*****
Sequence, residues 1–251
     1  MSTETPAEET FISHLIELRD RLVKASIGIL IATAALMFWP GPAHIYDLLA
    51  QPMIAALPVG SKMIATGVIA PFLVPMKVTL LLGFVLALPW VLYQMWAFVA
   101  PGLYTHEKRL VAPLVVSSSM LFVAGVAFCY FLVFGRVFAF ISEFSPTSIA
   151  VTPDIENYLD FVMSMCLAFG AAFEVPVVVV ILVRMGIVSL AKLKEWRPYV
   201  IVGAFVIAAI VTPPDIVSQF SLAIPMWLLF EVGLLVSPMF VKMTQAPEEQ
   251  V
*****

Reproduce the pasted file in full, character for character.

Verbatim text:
Sequence, residues 1–251
     1  MSTETPAEET FISHLIELRD RLVKASIGIL IATAALMFWP GPAHIYDLLA
    51  QPMIAALPVG SKMIATGVIA PFLVPMKVTL LLGFVLALPW VLYQMWAFVA
   101  PGLYTHEKRL VAPLVVSSSM LFVAGVAFCY FLVFGRVFAF ISEFSPTSIA
   151  VTPDIENYLD FVMSMCLAFG AAFEVPVVVV ILVRMGIVSL AKLKEWRPYV
   201  IVGAFVIAAI VTPPDIVSQF SLAIPMWLLF EVGLLVSPMF VKMTQAPEEQ
   251  V